In mid-2011, Ryan Gabrielson, public safety reporter at California Watch and the Center for Investigative Reporting, received a tip about a police force he’d never heard of: The Office of Protective Services.
The tipster indicated that some members of this state-run police force were abusing overtime. But before Gabrielson could make an effort to understand what portion of their work was legitimate, he needed to determine what exactly the police did.
He learned that this police force was specifically assigned to protect the approximately 1,600 California residents who lived in the state’s five board-and-care centers for the developmentally disabled. Gabrielson immediately noted a conflict-of-interest.
“Abuse is endemic to people with severe developmental disabilities who live in these residential centers. And it’s potentially perpetrated by their caretakers, the centers’ employees,” he said. “It seemed like an issue, for an internal police force to report to the agency whose employees they’re potentially investigating.”
Gabrielson began a dogged pursuit for records, data and more information. The result? “Broken Shield,” a hard-hitting investigation into the Office of Protective Services.
A year and a half into the series, Gabrielson and California Watch have found that the Office of Protective services failed to protect the state’s vulnerable board-and-care residents. Articles documented how unexplained injuries went uninvestigated and abuse and sexual assault cases went unprosecuted.
Getting records from the state to support these findings was a tough slog. A public health official pointed Gabrielson to the Health Facility Consumer Public Information System, a database of all incidents reported to long-term care facilities in California, but CIR had to sue California’s Department of Public Health to receive uncensored copies of reports of physical abuse and neglect.
“The public health department was sending back record requests with almost every word blacked out. And the developmental centers themselves were very slow to respond to records requests--or outright denied them,” said Gabrielson.
Additionally, the police force was forbidden to speak to reporters--Gabrielson in particular. “It took time to build sources, lots of door-knocking and phone calls,” he said.
Getting details on individual cases required turning to the families who had fought the system to find more information. “In one case, a retired San Diego police officer took on the investigation of his brother’s case because he believed the Office of Protected Services was bungling their investigation—or worse, that they were engaged in a cover up,” said Gabrielson.
One family’s story in particular grabbed Gabrielson. Smack in the middle of a stack of more than 2,000 pages of litigation papers: Jennifer’s story. The tale, which Gabrielson gleaned from court records and supplemented with family interviews, is horrific: A woman with severe intellectual disabilities accused a caregiver from a developmental center of molestation. Detectives from the Office of Protective Services opened an investigation but didn’t take additional action. A few months later, Jennifer was pregnant.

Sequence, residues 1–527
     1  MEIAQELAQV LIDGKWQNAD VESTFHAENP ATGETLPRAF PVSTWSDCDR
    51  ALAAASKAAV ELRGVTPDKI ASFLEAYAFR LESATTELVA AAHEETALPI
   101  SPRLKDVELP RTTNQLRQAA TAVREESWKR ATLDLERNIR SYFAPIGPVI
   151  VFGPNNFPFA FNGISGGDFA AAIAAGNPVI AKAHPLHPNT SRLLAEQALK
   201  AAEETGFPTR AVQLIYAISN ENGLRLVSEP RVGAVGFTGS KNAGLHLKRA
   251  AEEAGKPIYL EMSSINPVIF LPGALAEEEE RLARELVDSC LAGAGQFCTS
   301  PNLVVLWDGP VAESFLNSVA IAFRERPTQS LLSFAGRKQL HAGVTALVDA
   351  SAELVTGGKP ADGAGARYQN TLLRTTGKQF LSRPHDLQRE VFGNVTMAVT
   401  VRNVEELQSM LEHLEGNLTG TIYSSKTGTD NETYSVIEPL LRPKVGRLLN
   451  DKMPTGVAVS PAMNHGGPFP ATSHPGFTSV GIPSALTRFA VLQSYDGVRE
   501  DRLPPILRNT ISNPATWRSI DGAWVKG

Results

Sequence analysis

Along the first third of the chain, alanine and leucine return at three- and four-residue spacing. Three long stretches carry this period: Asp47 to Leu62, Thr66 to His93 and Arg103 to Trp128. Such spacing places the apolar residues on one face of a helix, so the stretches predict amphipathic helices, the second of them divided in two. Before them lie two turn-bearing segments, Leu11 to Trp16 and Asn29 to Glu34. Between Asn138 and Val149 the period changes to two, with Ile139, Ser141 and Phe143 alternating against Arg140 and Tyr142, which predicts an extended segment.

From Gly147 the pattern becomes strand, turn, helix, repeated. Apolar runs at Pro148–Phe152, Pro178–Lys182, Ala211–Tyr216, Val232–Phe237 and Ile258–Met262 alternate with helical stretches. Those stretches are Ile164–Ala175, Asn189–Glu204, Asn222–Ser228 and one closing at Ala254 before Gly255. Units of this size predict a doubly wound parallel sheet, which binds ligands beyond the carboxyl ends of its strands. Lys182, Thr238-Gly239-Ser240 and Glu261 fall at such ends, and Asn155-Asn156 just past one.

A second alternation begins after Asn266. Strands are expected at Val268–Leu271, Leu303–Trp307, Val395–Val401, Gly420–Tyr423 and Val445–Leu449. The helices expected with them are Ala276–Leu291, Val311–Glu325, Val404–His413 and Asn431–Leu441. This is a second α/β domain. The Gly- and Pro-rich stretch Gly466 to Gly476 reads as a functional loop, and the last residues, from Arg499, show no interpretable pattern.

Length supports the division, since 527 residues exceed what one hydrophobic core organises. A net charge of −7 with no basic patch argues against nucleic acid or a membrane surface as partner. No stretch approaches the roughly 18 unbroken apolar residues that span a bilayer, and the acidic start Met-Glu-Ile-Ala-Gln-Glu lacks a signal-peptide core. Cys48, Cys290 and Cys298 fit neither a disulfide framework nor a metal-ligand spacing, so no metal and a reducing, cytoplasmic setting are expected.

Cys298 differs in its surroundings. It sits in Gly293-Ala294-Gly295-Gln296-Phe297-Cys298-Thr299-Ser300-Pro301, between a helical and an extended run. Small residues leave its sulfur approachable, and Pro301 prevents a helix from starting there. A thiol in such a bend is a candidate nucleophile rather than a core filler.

Gabrielson outlined Jennifer’s ordeal in “Police Ignore, Mishandled Sex Assaults Reported by the Disabled.” “In Jennifer’s Room,” a haunting video directed and produced by CIR multimedia producer Carrie Ching, appears with the article.
“In the print version of the story, there’s no cushion from the facts,” said Gabrielson. “The video was more of a narrative and it was more emotional. The story worked because we hit both parts,” he said.
Gabrielson was vigilant about protecting the identity of the family. “They still live in fear of the person who raped Jennifer and they’re very brave to even share their story. I agreed that we would make sure they couldn’t be located through the article.” So he opted to use solely Jennifer’s first name, but did not use the names of her family. “Like other news organizations, we do not disclose the names of victims of sex assault. And this whole family was a victim of sex assault,” he said.
Response to Jennifer’s story, and the series as a whole, has been tremendous. California Watch and CIR’s print partners circulated Jennifer’s story widely. “In Jennifer’s Room” was picked-up all over the web, posted to both Poynter and Jezebel.
In September 2012, Gov. Jerry Brown signed two bills on developmental center abuse. And in December 2012, California regulators moved to shut down the state’s largest board-and-care center.
There’s more work to do, although Gabrielson is tight-lipped about what’s next for the series. “There’s more reporting to be done, there’s always more reporting to be done—but I can’t talk about it,” he said.
And although Gabrielson was relentless in his pursuit of records and data, he reminds reporters that investigative work is about more than unearthing staggering statistics.
“The details are with the people. Data can only take you so far, you need people to tell a story.”